Former intelligence chief Mustafa Kadhemi’s elevation to the role of prime minister seems to have helped restore US confidence in Iraq and laid the ground for the two to re-engage in strategic dialogue starting on Thursday. The talks were originally planned as a high-level meeting for April, but the COVID-19 pandemic has pushed them online.
“With new threats on the horizon, including the global coronavirus pandemic, collapsed oil prices, and a large budget deficit, it’s imperative that the United States and Iraq meet as strategic partners to plan a way forward for the mutual benefit of each of our two nations,” Pompeo said in a June 10 media briefing.
Pompeo warmly welcomed Kadhemi’s April ascension to the premiership, and Iraqi sources say the White House has invited the new leader to visit this year.
“There was a lack of confidence in the relationship with the previous government, and we’re not there anymore,” an anonymous official told the French Press Agency (AFP).
Relations between Baghdad and Washington cooled after a US rocket strike on a convoy leaving Baghdad Airport killed Iranian Quds Force Commander Qassem Soleimani and a number of Iraqi militia leaders in January. There have also been a number of rocket attacks against US targets in Iraq this year, carried out mainly by Iran-backed Iraqi militia groups, placing further stress on the bilateral relationship.
Dialogue despite tensions
Months of political uncertainty also dogged ties, but former Iraqi Foreign Minister Ali Alhakim said that in spite of those tensions, “the dialogue between us and the United States has never stopped.”
“This dialogue is appropriate, and it’s timely as well. Our relationship went into sort of a quiet mood and we want to reinvigorate it,” said Alhakim, who served as foreign minister from 2018 until Khadhemi replaced him with Fuad Hussein in April.
On June 9, the ex-foreign minister and career diplomat told the Atlantic Council talks will likely center on how to move forward with the 2008 Strategic Framework Agreement (SFA) that underpins the two countries’ bilateral relationship.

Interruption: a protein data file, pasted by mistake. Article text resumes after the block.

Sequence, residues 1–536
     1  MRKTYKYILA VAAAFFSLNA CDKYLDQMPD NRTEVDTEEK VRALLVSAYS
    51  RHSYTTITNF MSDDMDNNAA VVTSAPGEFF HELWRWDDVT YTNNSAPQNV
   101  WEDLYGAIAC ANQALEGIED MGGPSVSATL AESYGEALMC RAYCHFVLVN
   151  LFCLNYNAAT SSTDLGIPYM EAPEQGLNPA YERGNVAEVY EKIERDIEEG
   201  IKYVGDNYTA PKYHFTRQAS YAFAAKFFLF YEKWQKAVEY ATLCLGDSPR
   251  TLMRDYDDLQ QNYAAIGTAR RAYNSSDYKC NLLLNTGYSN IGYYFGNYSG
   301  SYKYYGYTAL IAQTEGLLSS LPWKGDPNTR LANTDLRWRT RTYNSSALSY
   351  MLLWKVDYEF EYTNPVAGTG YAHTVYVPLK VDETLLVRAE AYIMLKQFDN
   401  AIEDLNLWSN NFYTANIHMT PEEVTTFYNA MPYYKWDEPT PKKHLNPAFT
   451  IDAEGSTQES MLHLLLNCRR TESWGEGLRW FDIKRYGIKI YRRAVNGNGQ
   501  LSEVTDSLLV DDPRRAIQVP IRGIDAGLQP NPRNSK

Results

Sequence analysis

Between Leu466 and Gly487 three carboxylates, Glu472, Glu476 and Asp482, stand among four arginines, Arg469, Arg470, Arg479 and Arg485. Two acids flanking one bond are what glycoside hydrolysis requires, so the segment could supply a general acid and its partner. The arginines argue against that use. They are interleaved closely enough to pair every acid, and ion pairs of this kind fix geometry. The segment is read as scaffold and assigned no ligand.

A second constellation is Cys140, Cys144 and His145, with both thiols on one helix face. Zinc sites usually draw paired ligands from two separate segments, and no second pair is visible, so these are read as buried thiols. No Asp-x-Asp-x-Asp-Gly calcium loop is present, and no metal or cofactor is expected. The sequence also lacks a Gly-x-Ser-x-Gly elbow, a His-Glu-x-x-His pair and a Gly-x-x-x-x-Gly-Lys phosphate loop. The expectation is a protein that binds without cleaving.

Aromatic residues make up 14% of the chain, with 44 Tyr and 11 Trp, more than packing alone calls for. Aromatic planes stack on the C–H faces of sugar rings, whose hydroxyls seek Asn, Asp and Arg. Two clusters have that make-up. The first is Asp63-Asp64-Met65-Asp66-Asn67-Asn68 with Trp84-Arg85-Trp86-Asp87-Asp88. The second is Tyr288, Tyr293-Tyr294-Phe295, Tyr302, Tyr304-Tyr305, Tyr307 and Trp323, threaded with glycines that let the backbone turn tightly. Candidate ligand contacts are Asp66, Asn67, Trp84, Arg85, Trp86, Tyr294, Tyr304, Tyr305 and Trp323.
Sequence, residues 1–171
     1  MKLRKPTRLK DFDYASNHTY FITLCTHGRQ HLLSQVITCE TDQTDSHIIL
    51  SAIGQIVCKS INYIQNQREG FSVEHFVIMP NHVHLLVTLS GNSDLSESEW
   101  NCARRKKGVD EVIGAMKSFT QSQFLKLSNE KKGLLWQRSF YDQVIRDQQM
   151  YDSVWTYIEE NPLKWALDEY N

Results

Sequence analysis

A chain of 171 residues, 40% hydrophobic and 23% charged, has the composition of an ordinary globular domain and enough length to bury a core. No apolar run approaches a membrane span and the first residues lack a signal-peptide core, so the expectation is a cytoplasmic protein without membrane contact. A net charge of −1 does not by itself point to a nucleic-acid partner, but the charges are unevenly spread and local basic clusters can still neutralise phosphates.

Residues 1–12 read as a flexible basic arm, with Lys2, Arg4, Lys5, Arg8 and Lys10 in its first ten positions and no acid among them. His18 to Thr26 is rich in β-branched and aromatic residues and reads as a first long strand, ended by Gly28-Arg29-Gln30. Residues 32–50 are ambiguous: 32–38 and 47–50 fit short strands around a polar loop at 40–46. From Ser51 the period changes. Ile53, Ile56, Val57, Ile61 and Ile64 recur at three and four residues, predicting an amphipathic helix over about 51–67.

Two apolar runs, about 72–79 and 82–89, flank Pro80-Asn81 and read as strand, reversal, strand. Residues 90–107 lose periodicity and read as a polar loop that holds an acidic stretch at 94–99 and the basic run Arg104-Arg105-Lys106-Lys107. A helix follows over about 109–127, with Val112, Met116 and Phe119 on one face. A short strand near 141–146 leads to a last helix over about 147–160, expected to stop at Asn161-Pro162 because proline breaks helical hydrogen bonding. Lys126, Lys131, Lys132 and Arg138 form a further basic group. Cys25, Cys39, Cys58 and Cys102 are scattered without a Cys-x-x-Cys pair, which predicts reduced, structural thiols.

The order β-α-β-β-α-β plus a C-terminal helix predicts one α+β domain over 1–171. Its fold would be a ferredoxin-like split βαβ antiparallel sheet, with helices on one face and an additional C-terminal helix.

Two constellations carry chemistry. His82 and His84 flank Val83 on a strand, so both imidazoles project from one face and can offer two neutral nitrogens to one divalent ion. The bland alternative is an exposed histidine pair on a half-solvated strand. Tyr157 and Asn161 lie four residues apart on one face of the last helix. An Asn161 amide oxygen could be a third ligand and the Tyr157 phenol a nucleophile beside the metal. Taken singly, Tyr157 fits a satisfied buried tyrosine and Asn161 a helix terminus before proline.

“Where do we go from here? Do we continue on the same path? This will be answered in the first ten or fifteen minutes, just to figure out where the two sides are,” Alhakim predicted.
An unnamed US official who spoke to AFP echoed Alhakim’s thoughts, telling them, “whatever comes out of the dialogue is going to set the future of our strategic relationship.”
“Am I still going to fly surveillance drones or not? Do you still want our intelligence?” are the sort of questions the US source believes will be on the table.
Relationship deeper than security cooperation
US Ambassador to Iraq Matthew Tueller stressed in a recent video that the US-Iraq relationship goes much deeper than security assistance. He said the talks will also center on politics, economics, culture, and energy — as well as US support for Iraqi troops fighting ISIS.
According to the US Embassy in Iraq, the US has been an active supporter of Iraq’s fight against COVID-19. The US has donated $44 million worth of COVID-19 aid through USAID, and is also funding UN Migration’s (IOM) virus surveillance program and outreach work with vulnerable communities across Iraq.
“Security is important, but so is finance and health. These are part of the SFA, and this is where the US and other countries are actually helping us, along with the International Monetary Fund,” Alhakim said. “We need help with humanitarian issues. These are not really under the radar; they are visible, and this money is assisting Iraqis.”
Domestically, the challenges facing Iraq have escalated dramatically in 2020, driven by COVID-19, a drop in global oil prices, and the political deadlock that Wednesday’s vote ended. Record-low oil revenues have hit the economy hard, while the country’s ill-equipped health system is struggling to deal with a COVID-19 outbreak and the remnants of ISIS remain a top security threat.
The US, backed by its coalition partners, will be gunning for US troops to remain, a proposal the Iraqis are likely to accept in a bid to sure-up state security for Kadhemi’s fledgling government.
Another hot topic will be Iraq’s besieged economy. The country’s out-dated energy grid, for one, could do with US infrastructure funding, but given the long-term nature of weaning Iraq off its Iranian-energy dependency, securing a longer waiver protecting Iraq from US sanctions will likely be a priority for Iraqi negotiators.
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